It is no secret that CIA is engaged in criminal activities around the world, some of which are quite deadly, some of which are quite provocative in the sense of laying the groundwork for large scale military conflict, and it's happening in a lot of countries. This is not unique to the United States. The United States learned some of this from the British who learned it in turn during the 19th century when they were a dominant imperial power around the world. They cut their teeth on this stuff.
The other major powers are definitely engaged and capable of these same types of operations, and small powers as well. Israel is an example. The CIA grew out of the OSS, which had been established during World War II. Its earliest years are interesting because the new president, Harry Truman, did not trust the OSS because he felt it was too dominated by parts of the Democratic Party that he didn't align himself with, so he abolished the OSS. Then they first created a smaller intelligence agency from the remains of the old OSS called the Central Intelligence Group. And that was focused on analyzing intelligence. It wasn't a covert operations agency.
In one inbox would come all information whether it was from intercepted communications, or satellite photography, or defector reports, or clandestine reports, embassy... it would all come to that one person, and that person would be "accountable." One person would be accountable for looking at that stuff, pouring through it, and if it were important, assuming it was a good analysis, that could end up on the president's desk the next morning, unadulterated synthesis of information.
About two years after that, many of the agents who had worked on the covert operation side, the paramilitary warfare operations, black operations, that sort of thing, were reestablished in an outfit called the Office of Policy Coordination. This "office" eventually grew to have about 5,000 agents in the early Cold War years, and the existence of this office was itself entirely top secret. It had no open existence at all, and it wasn't until some years later that the Office of Policy Coordination was folded into the CIA, and the CIA became an agency. CIA had both a clandestine black operations arm and an intelligence analysis arm.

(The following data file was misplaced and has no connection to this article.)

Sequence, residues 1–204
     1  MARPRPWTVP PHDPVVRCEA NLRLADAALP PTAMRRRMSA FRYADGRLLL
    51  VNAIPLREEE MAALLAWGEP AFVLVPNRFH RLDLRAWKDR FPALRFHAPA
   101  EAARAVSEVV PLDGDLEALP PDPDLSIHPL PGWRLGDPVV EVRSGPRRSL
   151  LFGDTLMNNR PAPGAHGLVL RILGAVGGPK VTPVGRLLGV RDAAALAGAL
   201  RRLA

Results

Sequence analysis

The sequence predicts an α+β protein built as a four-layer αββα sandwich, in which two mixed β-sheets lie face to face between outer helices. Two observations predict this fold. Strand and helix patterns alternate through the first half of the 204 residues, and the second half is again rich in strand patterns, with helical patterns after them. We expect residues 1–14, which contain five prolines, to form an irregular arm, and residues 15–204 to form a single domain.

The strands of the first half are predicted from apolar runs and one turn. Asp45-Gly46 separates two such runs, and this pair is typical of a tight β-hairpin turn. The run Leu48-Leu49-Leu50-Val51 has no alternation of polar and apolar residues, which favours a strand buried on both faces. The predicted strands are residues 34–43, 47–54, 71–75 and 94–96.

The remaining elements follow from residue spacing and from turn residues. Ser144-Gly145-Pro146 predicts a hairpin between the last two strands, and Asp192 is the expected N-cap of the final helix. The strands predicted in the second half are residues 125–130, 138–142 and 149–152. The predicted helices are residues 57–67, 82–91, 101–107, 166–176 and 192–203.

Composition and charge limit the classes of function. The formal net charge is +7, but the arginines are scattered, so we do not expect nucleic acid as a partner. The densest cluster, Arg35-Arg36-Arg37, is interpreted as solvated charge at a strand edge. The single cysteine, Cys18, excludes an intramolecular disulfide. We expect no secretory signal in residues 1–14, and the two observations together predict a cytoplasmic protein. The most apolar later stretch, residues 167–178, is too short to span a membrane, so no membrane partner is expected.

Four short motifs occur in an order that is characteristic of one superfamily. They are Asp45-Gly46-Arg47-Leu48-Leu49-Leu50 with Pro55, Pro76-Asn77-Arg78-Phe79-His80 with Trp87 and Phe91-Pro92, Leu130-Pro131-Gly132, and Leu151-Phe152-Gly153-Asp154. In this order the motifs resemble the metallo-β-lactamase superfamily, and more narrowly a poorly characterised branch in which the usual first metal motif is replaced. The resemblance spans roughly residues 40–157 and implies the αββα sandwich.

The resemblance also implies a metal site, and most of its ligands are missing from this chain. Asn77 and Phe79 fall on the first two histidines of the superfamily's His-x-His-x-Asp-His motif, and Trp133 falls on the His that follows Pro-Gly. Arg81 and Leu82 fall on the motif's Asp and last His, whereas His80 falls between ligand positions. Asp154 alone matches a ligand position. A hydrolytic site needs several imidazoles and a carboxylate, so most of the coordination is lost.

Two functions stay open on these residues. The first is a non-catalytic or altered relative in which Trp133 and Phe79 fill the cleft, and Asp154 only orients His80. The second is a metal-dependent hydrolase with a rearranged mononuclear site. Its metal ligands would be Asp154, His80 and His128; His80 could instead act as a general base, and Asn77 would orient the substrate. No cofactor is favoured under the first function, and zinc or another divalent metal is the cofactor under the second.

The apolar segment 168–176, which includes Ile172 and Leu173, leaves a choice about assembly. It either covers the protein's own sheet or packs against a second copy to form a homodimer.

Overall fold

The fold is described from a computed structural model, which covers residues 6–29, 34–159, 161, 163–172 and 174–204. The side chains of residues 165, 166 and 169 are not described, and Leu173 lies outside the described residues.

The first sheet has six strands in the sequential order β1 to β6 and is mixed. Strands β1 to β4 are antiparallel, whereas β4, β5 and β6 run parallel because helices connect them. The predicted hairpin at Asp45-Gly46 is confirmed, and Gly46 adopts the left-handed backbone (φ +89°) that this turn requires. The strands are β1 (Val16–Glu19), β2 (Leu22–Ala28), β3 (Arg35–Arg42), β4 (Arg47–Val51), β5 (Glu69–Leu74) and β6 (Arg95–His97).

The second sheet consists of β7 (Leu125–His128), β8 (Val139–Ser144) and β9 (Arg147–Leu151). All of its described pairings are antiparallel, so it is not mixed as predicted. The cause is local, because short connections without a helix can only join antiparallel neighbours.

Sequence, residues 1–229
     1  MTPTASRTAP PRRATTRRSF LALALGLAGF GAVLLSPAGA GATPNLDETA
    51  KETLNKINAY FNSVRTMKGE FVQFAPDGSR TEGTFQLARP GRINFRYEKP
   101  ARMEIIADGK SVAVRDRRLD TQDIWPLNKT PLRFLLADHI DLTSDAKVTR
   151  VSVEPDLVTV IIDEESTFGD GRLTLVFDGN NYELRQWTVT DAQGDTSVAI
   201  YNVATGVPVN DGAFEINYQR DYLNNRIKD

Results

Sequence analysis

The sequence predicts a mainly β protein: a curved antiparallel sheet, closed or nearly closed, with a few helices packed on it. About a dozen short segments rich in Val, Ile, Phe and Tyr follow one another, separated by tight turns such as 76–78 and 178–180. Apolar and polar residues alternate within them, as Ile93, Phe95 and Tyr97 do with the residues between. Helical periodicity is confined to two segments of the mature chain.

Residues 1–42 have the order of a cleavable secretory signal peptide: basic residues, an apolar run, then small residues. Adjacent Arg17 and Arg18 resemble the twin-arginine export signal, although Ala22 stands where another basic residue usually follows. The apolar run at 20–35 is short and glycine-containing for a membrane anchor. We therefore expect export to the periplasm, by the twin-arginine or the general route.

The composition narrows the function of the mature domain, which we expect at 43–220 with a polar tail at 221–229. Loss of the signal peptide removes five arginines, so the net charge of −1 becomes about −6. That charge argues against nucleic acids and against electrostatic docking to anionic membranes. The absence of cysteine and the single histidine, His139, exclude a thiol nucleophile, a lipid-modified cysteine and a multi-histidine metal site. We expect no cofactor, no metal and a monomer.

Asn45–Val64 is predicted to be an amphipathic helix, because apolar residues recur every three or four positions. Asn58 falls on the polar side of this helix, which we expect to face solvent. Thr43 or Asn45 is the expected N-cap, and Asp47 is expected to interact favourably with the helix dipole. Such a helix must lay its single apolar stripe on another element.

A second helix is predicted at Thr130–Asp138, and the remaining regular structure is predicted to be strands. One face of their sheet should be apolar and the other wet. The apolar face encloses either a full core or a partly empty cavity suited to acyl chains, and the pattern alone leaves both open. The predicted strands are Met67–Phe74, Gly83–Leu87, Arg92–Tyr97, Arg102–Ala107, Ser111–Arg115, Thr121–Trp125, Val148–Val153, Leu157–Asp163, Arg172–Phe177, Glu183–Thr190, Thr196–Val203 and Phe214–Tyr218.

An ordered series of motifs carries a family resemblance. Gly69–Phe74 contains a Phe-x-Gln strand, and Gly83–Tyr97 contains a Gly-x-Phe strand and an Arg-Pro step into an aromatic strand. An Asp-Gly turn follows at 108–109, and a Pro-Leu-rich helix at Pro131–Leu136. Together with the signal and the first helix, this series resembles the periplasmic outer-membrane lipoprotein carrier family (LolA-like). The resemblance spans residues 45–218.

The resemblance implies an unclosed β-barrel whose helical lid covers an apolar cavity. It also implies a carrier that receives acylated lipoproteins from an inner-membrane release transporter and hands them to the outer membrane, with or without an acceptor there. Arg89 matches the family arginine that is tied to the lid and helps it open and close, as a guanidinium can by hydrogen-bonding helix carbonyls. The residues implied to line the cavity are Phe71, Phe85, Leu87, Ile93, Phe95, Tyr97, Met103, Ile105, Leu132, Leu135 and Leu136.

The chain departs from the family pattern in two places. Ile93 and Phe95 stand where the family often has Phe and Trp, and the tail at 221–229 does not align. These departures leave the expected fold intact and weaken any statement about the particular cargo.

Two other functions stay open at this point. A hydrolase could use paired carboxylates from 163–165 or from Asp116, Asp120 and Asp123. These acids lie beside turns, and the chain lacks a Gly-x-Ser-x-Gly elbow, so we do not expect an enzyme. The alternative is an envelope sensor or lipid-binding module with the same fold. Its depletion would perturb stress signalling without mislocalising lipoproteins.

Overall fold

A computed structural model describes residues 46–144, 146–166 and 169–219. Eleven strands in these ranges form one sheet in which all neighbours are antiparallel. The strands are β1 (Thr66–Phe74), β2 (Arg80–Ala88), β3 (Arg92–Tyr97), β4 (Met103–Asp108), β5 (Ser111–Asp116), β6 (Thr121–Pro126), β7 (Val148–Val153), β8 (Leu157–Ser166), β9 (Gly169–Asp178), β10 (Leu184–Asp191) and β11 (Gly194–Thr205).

The OPC was set up to organize propaganda, economic warfare, preventive direct action, sabotage, demolition, subversion against hostile states, including assistance to underground resistance groups and support of indigenous anti-communist elements in threatened countries of the free world.
What happened at the end of World War II when Truman disbanded the OSS? The covert operators were in the wilderness for a little while, and some of them had been leading Wall Street bankers and lawyers, and there's a certain logic there because prior to the war, the people engaged in international trade and international law were a relatively small number of people, and they were the specialists in international affairs for the United States; so for example, the man who was later to become chief of covert operations, black operations, for the CIA was a man named Frank Wisner, quite a prominent Wall Street lawyer.